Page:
Knowledge of the relationships between porosity, permeability and fluid flow is crucial to our understanding of the mechanical behaviour of the crust. The presence or absence of a fluid, as well as the magnitude of the pore pressure, strongly influences the mechanisms by which crustal rocks deform. In addition, movement of fluid through the crust has a significant influence on heat flow, on the distribution of oxygen and hydrogen isotopes, on chemical dissolution and precipitation. Porosity and/or permeability may decrease with time and the resultant behaviour involves two interrelated processes; the gradual build up of pore pressure followed by expulsion of water out of the decreasing pore space. Elevated pore pressures may lead to brittle failure and episodic loss of fluid from the overpressured regions. But porosity and/or permeability may increase also with time. This is the likely result of deformation in enhanced fluid flow.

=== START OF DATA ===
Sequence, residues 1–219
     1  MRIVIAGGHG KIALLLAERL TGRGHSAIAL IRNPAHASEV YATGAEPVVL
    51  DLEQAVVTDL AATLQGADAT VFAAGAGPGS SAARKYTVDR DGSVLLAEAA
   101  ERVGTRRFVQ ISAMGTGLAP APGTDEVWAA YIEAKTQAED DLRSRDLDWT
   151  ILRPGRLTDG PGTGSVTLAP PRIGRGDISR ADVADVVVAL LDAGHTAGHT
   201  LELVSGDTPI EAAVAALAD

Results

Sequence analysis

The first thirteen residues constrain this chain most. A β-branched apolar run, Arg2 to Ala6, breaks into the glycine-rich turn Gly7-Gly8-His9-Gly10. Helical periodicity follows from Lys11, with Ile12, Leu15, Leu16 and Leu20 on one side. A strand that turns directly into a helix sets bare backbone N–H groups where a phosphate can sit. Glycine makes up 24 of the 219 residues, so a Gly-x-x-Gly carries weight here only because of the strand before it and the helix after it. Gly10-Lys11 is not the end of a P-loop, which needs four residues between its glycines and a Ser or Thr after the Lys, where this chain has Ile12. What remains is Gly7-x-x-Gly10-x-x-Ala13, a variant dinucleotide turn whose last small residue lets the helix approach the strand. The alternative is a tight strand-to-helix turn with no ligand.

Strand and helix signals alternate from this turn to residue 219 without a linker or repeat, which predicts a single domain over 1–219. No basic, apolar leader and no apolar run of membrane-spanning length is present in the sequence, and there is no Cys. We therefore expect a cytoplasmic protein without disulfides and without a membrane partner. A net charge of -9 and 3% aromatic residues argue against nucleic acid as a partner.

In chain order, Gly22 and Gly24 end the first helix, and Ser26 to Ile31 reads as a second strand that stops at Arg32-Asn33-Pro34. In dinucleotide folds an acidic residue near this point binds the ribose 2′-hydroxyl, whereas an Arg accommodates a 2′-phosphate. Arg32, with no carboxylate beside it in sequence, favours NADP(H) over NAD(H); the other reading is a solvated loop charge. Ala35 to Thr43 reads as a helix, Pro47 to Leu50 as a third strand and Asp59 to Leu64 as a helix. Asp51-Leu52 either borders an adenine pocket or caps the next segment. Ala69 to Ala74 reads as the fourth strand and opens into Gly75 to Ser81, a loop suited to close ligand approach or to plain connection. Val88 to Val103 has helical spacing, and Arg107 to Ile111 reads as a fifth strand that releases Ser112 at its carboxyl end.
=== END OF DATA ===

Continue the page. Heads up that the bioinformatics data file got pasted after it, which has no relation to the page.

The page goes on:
Source: NASA